1
$\begingroup$

I was thinking of an example of a matrix $A$ which is at least $4$ dimensional, that has no real eigenvalue but yet det$(\Phi) = 0$, where the matrix $\Phi$ is given by $\begin{bmatrix} e_{1}^{T} & \\ e_{1}^{T}A \\ e_{1}^{T}A^2 \\ .\\ .\\ .\\ e_{1}^{T}A^{n-1}\end{bmatrix}$

Where $e_{1}$ is the standard basis vector of first entry 1 and others 0.

The eigenvalues of $A$ are complex so they must occur in pairs and hence I think we, therefore, need for $A$ to be even-dimensional and must be greater than or equal to $4$, also the determinant is the product of the eigenvalues will be a positive number then as we will be multiplying the complex eigenvalue and its conjugate, so the determinant will be positive but I am thinking now how the determinant can be zero? as there is no eigenvalue 0.

$\endgroup$
  • 1
    $\begingroup$ If a matrix has zero determinant, then $0$ is an eigenvalue, and $0$ is a real number. $\endgroup$ – Rellek Jun 21 '18 at 12:31
  • $\begingroup$ Yup, but $A$ has no real eigenvalues!, but yes it would be sufficient to show that matrix $\Phi$ has a zero eigenvalue!! so now we have to think how to prove that the matrix $\Phi$ has a zero eigenvalue? $\endgroup$ – BAYMAX Jun 21 '18 at 12:35
  • $\begingroup$ That's what I said. If a matrix is singular, then the nullspace is nontrivial. Thus any generator of the nullspace is an eigenvector for the eigenvalue $0$. $\Phi$ is singular, so $0$ is an eigenvalue. $\endgroup$ – Rellek Jun 21 '18 at 12:38
  • $\begingroup$ What is $e_1$? Is it really the same for every row? $\endgroup$ – Aleksejs Fomins Jun 21 '18 at 16:25
  • $\begingroup$ Your matrix has $n+1$ rows, but (presumably) $n$ columns. Then it has no determinant. $\endgroup$ – Marc van Leeuwen Jun 21 '18 at 16:34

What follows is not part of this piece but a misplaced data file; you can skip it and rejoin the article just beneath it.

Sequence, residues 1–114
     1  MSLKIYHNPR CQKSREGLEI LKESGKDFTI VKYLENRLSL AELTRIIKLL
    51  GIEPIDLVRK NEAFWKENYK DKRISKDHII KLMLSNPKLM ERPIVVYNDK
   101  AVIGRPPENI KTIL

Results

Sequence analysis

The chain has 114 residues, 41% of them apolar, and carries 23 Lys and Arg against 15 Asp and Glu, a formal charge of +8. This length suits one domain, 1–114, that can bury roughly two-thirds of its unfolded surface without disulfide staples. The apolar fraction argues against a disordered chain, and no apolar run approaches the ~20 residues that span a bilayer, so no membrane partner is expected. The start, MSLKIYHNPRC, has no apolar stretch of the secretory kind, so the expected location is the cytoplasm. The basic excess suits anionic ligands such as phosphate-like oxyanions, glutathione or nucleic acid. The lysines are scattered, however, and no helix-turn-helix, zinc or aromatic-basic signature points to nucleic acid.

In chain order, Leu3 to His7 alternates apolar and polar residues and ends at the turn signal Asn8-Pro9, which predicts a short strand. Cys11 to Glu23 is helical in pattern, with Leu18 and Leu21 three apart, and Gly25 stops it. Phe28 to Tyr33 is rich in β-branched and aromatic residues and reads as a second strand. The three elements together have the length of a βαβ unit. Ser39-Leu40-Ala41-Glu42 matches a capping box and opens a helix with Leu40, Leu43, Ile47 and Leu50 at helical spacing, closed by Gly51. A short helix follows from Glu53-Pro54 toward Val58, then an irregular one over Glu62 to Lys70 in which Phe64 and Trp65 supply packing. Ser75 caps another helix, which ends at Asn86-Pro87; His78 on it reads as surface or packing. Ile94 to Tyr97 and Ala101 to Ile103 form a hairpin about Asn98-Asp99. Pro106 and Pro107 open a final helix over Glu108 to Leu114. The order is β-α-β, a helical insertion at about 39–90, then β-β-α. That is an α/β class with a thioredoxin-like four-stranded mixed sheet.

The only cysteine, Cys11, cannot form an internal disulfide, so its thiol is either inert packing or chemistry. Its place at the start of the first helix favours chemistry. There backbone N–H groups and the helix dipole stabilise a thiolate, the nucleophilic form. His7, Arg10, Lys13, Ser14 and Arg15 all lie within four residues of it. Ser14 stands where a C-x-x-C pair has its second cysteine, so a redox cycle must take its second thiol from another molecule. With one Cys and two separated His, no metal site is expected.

0
$\begingroup$

The determinant asked about is not that of $A$, but that of repeated (right) images of the first row $e_1^T$ of the identity matrix. If you take $A$ to be a block diagonal matrix, then those images remain "inside the first block", so they will never produce a full rank matrix, and the determinant will be$~0$. So take a block diagonal matrix of at least two $2\times 2$ rotation matrices, which have no real eigenvalues, like $$ A=\pmatrix{0&1&0&0\\-1&0&0&0\\0&0&0&-1\\0&0&1&1} $$ which gives $$ \Phi=\pmatrix{1&0&0&0\\0&1&0&0\\-1&0&0&0\\0&-1&0&0}, $$ obviously singular.

$\endgroup$
  • $\begingroup$ How repeated images of 1st row of identity matrix i think its like first row is the transpose of e1 vector and 2nd row is the first row of A nd 3rd row is 1st row of A^2 nd so on... I could not understand the images you mention after that, it would be much helpful if you could elaborate this and with a motivation of why we are taking A to be block diagknal matrix.. $\endgroup$ – BAYMAX Jun 22 '18 at 12:55
  • $\begingroup$ @BAYMAX These are "repeated images", since $e_1^TA^{k+1}=(e_1^TA^k)A$. The motivation for using a bock diagonal matrix is that you want to lock up the repeated images in an invariant subspace (of the row space) to avoid them getting to span the whole space, and at the same time it allows easy control of the eigenvalues. $\endgroup$ – Marc van Leeuwen Jun 26 '18 at 4:44

Your Answer

By clicking “Post Your Answer”, you agree to our terms of service, privacy policy and cookie policy

Not the answer you're looking for? Browse other questions tagged or ask your own question.